Valuation of the Oil
The Energy Information Administration's Annual Energy Outlook report for 2004 predicts that the United States will likely will become more dependent on liquefied natural gas (LNG) imports and other unconventional sources over the next few years in order to meet accelerating gas demand. The US demand for gas is expected to increase by at least 50 percent by 2025. The report also projects that coal will play a more significant role in the longer term because of rising gas prices.
Increasing gas prices were caused largely by increased demand. The EIA predicts that demand will continue to increase, driving further rises in price. Between 2002 and 2025, total gas demand is expected to increase at an average annual rate of 1.4 percent. Nearly 70 percent of the increase projected for this period will be driven by the increasing use of LNG for electricity generation and industrial applications.
The price of gas will not rise steadily, however. The EIA report predicts definite dips in prices. The availability of new import sources and increased drilling activity triggered by higher gas prices is expected to increase supply and thus lead to a decline in prices in 2010, according to the report. A price decrease is also predicted for around 2020 as the result of an Alaska pipeline projected to go online by 2018.
The United States has four existing liquefied natural gas terminals - Everett, Massachusetts; Cove Point, Maryland; Elba Island, Georgia; and Lake Charles, Louisiana - all of which are expected to expand by 2007. The EIA report predicts four additional terminals will become operational along Atlantic and Gulf Coasts from 2007 to 2010 to meet the projected 58 percent increase in LNG imports.
Oil and gas exploration and production is a global enterprise. The shifting sands of international politics can impact the industry in unpredictable ways. One recent example is the change in US relations with Libya. Late in 2003, Colonel Qaddafi had admitted that his country tried to develop nuclear and other unconventional weapons, and promised to dismantle them and submit to international inspections. This created the possibility that the United States could lift its economic sanctions against the country. Several American oil companies once had extensive operations in Libya, including Amerada Hess and Occidental Petroleum. A lifting of sanctions imposed in 1986 would make a return to those operations feasible.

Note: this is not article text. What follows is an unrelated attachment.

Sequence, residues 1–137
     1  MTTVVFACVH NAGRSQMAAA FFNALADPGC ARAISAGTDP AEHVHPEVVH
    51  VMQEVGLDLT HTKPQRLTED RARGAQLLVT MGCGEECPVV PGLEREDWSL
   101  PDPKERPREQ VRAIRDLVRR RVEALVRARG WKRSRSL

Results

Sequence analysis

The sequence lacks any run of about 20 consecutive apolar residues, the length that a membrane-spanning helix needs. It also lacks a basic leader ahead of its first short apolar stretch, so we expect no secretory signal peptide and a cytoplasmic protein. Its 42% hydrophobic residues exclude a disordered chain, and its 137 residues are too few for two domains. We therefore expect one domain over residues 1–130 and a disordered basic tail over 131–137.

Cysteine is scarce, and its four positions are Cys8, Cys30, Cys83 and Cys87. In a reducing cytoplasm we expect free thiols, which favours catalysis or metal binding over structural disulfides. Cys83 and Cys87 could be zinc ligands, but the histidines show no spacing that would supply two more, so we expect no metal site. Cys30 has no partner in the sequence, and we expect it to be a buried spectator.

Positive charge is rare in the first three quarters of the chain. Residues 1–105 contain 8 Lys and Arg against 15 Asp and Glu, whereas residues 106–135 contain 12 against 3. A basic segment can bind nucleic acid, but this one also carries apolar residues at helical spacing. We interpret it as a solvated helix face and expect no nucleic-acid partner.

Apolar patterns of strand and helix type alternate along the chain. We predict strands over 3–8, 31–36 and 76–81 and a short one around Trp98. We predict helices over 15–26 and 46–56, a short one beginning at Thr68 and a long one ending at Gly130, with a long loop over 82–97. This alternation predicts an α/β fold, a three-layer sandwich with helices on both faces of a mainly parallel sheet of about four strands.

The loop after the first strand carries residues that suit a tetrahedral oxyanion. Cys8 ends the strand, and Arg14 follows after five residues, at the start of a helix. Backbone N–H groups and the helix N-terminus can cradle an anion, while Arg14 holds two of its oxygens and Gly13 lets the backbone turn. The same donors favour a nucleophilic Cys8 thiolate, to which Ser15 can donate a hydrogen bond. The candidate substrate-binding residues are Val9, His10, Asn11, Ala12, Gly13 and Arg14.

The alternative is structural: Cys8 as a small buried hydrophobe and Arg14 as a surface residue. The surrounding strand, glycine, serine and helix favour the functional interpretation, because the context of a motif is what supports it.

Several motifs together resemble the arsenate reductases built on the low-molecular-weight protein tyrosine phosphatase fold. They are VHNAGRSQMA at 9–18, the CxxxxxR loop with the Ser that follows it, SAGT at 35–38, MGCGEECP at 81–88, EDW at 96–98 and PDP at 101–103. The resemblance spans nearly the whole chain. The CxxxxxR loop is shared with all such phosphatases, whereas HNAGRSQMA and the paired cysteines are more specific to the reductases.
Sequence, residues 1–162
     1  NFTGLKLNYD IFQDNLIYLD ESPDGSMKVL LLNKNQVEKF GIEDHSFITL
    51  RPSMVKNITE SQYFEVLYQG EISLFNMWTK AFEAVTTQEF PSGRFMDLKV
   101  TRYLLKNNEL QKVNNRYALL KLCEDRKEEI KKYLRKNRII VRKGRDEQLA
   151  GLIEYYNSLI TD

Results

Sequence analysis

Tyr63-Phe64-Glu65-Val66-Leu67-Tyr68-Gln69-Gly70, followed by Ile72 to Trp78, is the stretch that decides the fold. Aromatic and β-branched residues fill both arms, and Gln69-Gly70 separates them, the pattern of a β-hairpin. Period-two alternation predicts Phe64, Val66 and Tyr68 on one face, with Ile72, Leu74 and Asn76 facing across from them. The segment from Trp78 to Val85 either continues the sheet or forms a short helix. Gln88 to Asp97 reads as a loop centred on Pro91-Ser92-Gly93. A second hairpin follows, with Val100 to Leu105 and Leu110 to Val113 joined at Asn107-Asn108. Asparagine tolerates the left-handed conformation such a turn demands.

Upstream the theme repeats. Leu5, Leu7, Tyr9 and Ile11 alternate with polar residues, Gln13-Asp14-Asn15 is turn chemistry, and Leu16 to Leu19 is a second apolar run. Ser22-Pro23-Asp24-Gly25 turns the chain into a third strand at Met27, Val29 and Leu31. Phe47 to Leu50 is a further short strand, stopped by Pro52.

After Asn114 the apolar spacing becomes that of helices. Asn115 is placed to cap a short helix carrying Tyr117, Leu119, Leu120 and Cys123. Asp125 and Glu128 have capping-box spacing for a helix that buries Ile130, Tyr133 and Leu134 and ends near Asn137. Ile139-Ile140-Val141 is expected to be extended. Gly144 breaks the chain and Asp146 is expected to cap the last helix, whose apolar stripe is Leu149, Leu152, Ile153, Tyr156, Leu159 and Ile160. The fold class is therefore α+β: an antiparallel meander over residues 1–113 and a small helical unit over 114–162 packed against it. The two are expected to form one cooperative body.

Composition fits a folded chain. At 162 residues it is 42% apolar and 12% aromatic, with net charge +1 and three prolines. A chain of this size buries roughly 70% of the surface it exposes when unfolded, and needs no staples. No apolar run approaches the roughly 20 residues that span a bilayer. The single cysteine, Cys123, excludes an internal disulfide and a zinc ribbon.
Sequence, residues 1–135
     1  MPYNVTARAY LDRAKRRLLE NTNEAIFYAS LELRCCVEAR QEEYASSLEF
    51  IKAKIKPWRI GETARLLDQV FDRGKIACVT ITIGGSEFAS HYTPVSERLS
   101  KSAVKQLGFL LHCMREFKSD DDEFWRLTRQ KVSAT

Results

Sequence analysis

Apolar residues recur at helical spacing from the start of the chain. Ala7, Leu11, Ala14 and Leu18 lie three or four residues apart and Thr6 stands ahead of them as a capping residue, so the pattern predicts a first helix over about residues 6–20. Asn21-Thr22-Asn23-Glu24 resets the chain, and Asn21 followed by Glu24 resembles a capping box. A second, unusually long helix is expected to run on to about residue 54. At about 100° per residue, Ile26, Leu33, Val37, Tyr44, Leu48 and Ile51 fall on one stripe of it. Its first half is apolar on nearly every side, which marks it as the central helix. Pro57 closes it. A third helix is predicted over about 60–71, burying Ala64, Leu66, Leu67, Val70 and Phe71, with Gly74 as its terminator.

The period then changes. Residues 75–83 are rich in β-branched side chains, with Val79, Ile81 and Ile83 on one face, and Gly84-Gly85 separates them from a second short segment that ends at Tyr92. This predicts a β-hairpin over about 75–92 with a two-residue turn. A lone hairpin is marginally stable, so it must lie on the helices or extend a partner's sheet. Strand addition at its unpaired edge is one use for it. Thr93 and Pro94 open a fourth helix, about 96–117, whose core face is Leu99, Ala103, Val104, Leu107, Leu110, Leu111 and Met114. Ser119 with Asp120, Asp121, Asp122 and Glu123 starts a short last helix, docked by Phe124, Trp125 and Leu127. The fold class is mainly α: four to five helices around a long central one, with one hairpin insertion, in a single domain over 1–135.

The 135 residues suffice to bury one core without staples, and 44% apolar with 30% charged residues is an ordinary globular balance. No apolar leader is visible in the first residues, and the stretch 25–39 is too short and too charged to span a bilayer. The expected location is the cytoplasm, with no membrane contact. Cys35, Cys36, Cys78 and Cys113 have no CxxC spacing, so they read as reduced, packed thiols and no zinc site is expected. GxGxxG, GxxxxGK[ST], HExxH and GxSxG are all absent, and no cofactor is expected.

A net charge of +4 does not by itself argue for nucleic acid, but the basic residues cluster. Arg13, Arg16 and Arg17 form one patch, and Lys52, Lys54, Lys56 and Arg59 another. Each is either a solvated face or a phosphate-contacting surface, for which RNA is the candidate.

Seeking to limit dependence on foreign sources, the US government is pushing to speed up the nation's energy development. The Rockies, believed to have huge gas reserves, are a likely place to for domestic production to increase. In the Rockies, gas production increased 162 percent from 1980 to 2001, according to the National Petroleum Council and the nonpartisan U.S. Potential Gas Committee research group.
The development in the Rockies has been controversial. Drilling brings employment and tax revenues to the local economy, but threatens a tourist industry based on the natural beauty of the area. A group of over 100 economists also expressed concern in a letter to the President about allowing local economies to be heavily based in a single industry, noting that an energy bust in the mid-1980s forced communities from Montana to New Mexico to diversify their business bases.
Another method of reducing US dependence on oil and gas imports is being explored: alternative fuels. In an effort to promote greater use of alternative- fuel automobiles, President Bush has called for investing $1.2 billion in developing hydrogen and fuel-cell technology. Rep. Christopher Cox and Sen. Ron Wyden sponsored a bill in 2003 to provide incentives to speed to market the fueling stations and infrastructure necessary to support drivers of hydrogen vehicles. The European Union also plans to spend billions of dollars on these technologies.
The International Finance Corporation, a unit of the World Bank, is analyzing a report that recommends that the bank phase out its investments in oil projects by 2008. The report is the result of a study initiated by the World Bank in July 2001. The report recommends that the bank devote its limited resources to the development of renewable-energy sources and environmentally clean energy technologies. If the World Bank chooses to follow the recommendations of the report, it will limit oil production investment to "poor countries with few alternatives."
The impact of widely adopting alternative fuel technologies remains to be seen. It will clearly impact the increasing demand for gasoline and the industries that demand supports. Gasoline taxes currently support much of the nation's transportation infrastructure. A decrease in traditional fuel consumption will also decrease that tax revenue.
While predictions of increasing demand look good for producers of oil and gas, those predictions must be considered in the light of other factors that impact the industry. Environmental concerns, shifting political alliances, and alternative fuels are just some of the factors that make the future of the industry difficult to foresee.
Sources: Inside Energy, Inside FERC's Gas Market Report, Los Angles Times, Oil & Gas Journal